11 July 2017 marks the 22nd anniversary of the Srebrenica massacre, the largest atrocity on European soil since the founding of the United Nations. This year will also mark the closing of the doors of the International Tribunal for the former Yugoslavia (ICTY), a tribunal established by the United Nations to prosecute those persons responsible for serious violations of international humanitarian law committed in the territory of the former Yugoslavia.
On this day, we remember and honour the thousands of men and boys who were slaughtered, and express our solidarity with the families and friends of those whose lives were taken.
The terrible events that occurred at Srebrenica in July 1995 are historical facts and have been documented extensively. Both the ICTY and the International Court of Justice have concluded that the acts committed at Srebrenica constituted genocide. The ICTY has determined the criminal responsibility of different individuals for the Srebrenica massacre and has convicted them of genocide.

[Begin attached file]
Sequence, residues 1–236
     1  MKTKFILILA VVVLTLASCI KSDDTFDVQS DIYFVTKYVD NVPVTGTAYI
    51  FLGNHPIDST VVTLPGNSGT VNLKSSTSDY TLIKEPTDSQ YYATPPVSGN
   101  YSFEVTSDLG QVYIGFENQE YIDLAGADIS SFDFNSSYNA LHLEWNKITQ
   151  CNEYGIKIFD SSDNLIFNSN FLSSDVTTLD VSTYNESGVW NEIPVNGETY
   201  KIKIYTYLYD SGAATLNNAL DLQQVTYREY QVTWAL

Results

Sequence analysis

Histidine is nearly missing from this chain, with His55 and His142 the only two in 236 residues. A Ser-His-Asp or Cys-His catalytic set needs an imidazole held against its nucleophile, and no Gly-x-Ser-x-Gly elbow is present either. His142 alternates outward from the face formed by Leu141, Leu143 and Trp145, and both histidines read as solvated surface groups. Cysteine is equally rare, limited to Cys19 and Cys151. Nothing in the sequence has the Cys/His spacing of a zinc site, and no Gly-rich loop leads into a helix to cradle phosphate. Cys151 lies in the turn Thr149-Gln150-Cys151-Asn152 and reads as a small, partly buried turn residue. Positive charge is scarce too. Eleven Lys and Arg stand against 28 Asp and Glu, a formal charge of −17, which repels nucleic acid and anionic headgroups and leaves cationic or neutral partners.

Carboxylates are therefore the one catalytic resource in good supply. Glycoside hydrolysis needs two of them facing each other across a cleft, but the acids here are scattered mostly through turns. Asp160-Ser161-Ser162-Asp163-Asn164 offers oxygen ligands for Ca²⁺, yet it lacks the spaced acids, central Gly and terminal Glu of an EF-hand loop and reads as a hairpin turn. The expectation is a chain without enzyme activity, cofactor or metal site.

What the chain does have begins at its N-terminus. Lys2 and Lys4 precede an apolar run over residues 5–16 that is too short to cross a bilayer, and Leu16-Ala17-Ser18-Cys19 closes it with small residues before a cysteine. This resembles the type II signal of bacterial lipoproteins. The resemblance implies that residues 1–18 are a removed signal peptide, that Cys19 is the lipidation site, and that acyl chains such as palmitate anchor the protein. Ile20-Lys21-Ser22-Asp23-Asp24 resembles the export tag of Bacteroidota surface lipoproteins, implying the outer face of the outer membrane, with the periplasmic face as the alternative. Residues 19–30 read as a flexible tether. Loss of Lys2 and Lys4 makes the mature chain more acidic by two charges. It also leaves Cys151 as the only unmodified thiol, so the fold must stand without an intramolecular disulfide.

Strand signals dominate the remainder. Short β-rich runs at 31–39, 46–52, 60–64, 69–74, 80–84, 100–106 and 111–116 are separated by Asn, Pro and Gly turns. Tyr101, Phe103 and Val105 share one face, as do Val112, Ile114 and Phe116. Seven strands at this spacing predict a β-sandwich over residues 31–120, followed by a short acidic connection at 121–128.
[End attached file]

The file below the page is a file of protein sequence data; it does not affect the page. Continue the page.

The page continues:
To help prevent future such atrocities, we must look honestly at the past, and acknowledge that these crimes occurred and our roles in allowing them to occur. The international community, and in particular the United Nations, has accepted its share of responsibility with respect to the tragedy at Srebrenica and has worked hard to learn from the lessons of its failures.
The difficult task of building trust to allow for full reconciliation in Bosnia and Herzegovina lies with the people of the country’s various communities. To build a better and common future, the tragedies of the past must be recognized by those communities. The United Nations is fully committed to supporting efforts towards non-repetition and reconciliation, in order to achieve sustainable peace, justice and dignity for all.